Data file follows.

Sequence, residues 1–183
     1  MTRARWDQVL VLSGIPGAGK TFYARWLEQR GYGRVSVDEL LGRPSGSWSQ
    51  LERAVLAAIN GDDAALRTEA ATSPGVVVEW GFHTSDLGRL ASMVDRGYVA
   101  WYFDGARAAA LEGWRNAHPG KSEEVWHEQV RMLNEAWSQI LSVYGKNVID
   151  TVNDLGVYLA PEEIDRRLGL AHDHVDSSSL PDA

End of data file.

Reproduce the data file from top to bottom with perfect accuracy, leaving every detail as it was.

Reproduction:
Sequence, residues 1–183
     1  MTRARWDQVL VLSGIPGAGK TFYARWLEQR GYGRVSVDEL LGRPSGSWSQ
    51  LERAVLAAIN GDDAALRTEA ATSPGVVVEW GFHTSDLGRL ASMVDRGYVA
   101  WYFDGARAAA LEGWRNAHPG KSEEVWHEQV RMLNEAWSQI LSVYGKNVID
   151  TVNDLGVYLA PEEIDRRLGL AHDHVDSSSL PDA